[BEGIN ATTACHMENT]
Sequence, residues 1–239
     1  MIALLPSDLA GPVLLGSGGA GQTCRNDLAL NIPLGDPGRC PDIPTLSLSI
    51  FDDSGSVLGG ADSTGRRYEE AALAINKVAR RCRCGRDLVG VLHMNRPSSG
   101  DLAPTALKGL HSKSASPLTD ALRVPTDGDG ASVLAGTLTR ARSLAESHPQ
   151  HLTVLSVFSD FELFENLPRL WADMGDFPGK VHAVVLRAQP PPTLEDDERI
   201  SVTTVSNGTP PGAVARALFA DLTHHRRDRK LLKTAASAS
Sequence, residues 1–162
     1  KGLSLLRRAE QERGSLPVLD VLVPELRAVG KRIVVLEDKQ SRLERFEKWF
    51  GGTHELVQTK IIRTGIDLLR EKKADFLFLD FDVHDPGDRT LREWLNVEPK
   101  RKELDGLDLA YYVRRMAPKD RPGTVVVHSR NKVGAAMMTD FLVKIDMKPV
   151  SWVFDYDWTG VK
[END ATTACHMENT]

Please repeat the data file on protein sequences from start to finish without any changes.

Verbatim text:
Sequence, residues 1–239
     1  MIALLPSDLA GPVLLGSGGA GQTCRNDLAL NIPLGDPGRC PDIPTLSLSI
    51  FDDSGSVLGG ADSTGRRYEE AALAINKVAR RCRCGRDLVG VLHMNRPSSG
   101  DLAPTALKGL HSKSASPLTD ALRVPTDGDG ASVLAGTLTR ARSLAESHPQ
   151  HLTVLSVFSD FELFENLPRL WADMGDFPGK VHAVVLRAQP PPTLEDDERI
   201  SVTTVSNGTP PGAVARALFA DLTHHRRDRK LLKTAASAS
Sequence, residues 1–162
     1  KGLSLLRRAE QERGSLPVLD VLVPELRAVG KRIVVLEDKQ SRLERFEKWF
    51  GGTHELVQTK IIRTGIDLLR EKKADFLFLD FDVHDPGDRT LREWLNVEPK
   101  RKELDGLDLA YYVRRMAPKD RPGTVVVHSR NKVGAAMMTD FLVKIDMKPV
   151  SWVFDYDWTG VK